TSP board to move L fund to 5-year increments

The Federal Retirement Thrift Investment Board, the agency that administers the Thrift Savings Plan, is also keeping a close eye on 2018 budget process. The boa...

The Federal Retirement Thrift Investment Board, the agency that administers the Thrift Savings Plan, decided to expand the plan’s L fund from a 10-year increment asset allocation to a five-year increment.

Moving to a five-year increment would give participants a narrower window of time to match their intended retirement date with their asset allocation.

“It makes a lot of sense to allow participants to better target their retirement plan,” said Sean McCaffrey, deputy chief investment officer for the FRTIB. “It’s an industry best practice that we think is worth replicating.”

The decision moves the TSP in line with other comparable plans, according to Aon Hewitt Investment Consulting group, which reviewed the plan’s investment options and offered recommendations at the board’s May 31 meeting.

FRTIB would implement the new increments for the L fund around 2020.

The board also decided it would move forward and study the implications of diversifying the I fund to include stocks in Canada or other emerging markets. The agency hopes to have that study finished by the fall.

“With the I fund we have to be careful,” McCaffrey said. “Each market has its idiosyncrasies. We want to make sure we’re fully comfortable with what we’re getting into with this change. We’re looking at some countries where we haven’t worked in the past. From what we understand, the market has moved more toward a ‘total market’ approach outside of the U.S., just like we have in the U.S. … We’re optimistic. We think we’ve evolved over the last 10 years or so that we can invest there even with our size.”

The board is also closely watching Congress, as it waits to see what appropriators will do with President Donald Trump’s federal retirement proposals included in his 2018 budget request.

“To the extent that these require employees to pay more for their defined benefit, we would have to be concerned about whether people would be able to to continue contributing to the TSP at the same level in the future,” said Kim Weaver, director of external affairs for the FRTIB.

The president’s budget request included four significant changes to the federal retirement system:

  • An increase in employee contributions by 1 percent each year for the next six years;
  • An elimination of the cost-of-living adjustment (COLA) for current and future Federal Employee Retirement System (FERS) participants and cutting the COLA by 0.5 percent for Civil Service Retirement System (CSRS) participants of what the typical formula currently allows;
  • Basing future retirement benefits on the average of an employee’s highest five years of salary. Currently, retirement benefits are based on an employee’s length of service, salary and highest three-year average salary; and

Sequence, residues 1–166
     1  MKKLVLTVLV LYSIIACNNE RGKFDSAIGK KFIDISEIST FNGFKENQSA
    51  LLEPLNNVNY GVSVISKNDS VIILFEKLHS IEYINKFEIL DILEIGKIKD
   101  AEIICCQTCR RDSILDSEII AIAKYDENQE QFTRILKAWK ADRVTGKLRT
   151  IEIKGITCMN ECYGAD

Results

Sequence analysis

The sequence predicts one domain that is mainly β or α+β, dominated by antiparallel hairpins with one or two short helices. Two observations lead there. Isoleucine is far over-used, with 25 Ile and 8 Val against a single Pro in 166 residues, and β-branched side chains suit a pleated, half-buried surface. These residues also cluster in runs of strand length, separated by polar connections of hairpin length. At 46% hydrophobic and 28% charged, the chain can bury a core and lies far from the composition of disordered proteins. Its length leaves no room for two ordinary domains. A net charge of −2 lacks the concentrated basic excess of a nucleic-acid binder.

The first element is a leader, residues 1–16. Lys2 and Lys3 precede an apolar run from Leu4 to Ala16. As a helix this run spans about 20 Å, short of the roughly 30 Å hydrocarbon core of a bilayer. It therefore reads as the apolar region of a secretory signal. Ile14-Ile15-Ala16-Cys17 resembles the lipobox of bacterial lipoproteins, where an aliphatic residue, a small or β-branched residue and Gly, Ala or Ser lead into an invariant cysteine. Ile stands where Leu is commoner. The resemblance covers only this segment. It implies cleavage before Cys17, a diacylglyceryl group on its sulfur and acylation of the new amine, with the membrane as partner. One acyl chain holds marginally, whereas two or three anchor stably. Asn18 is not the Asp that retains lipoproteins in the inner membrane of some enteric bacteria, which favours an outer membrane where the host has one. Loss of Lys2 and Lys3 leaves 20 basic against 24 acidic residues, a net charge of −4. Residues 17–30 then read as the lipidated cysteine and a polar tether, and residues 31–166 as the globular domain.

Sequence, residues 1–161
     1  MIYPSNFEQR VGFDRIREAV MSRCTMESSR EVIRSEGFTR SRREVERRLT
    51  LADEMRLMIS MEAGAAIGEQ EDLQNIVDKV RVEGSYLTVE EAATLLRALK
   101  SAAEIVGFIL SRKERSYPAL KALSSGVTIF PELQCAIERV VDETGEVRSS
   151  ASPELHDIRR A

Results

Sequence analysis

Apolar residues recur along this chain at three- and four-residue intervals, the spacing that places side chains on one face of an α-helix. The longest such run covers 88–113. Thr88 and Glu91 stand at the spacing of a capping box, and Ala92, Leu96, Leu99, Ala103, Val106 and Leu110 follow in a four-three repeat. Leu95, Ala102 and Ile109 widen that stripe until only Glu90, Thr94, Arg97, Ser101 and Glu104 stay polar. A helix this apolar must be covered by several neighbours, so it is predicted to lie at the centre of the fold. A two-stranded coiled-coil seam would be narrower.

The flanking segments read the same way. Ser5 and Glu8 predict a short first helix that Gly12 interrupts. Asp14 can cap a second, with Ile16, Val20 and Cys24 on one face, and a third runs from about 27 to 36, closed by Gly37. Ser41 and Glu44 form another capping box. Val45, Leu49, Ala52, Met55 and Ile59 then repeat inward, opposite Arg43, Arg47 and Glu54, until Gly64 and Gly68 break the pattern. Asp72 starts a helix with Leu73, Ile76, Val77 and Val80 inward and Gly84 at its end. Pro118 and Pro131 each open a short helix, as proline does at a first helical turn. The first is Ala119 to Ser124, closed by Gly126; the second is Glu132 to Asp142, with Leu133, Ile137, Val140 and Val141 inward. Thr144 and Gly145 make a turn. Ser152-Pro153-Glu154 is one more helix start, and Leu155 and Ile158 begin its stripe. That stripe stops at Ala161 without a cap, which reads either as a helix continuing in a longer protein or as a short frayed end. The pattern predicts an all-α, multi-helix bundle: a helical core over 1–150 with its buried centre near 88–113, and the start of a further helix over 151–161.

• Eliminate supplemental payments to employees who retire before age 62.

With these changes, federal employees would certainly decrease an employee’s monthly take-home pay with higher annuity contributions, federal financial experts said, and the FRTIB remains concerned its participants would have fewer dollars to set aside and contribute to the TSP.

The Office of Management and Budget has also assured the agency the president’s budget does not include any changes to the G fund interest rate. Congress, however, has made such proposals in the past. Depending on the proposal, changing the interest rate on the G fund would ultimately lower the rate of return for TSP participants.

“Given the very fluid nature of the conversations on the budget resolutions, we will be keeping a very close eye on that,” she added.

The board is also moving forward with its preparations to automatically enroll tens of thousands of new military members into the TSP by Jan. 1, 2018.

FRTIB is increasing staff at its two call centers by 30 percent, and it’s implementing a stronger telephone exchange system to help handle the coming influx of new participants.

At least 163,888 people have taken the board’s TSP opt-in course since it was deployed in February, and the agency will soon launch a blended retirement comparison calculator. The tool will help military members compare benefits under the new blended and current plans.

The agency is also ahead of schedule and will begin testing its blended retirement systems with payroll systems at each of the military services next month. Those preparations are part of the board’s broader plans to modernize and secure its IT infrastructure over the next six months and beyond.

The agency is also taking stock of its accomplishments as the TSP celebrates its 30th birthday this year.

The board launched a new “TSP at 30” marketing campaign, and it created a new working group with representatives from 20 agencies to review how the agency can better onboard new participants and employees to the plan.

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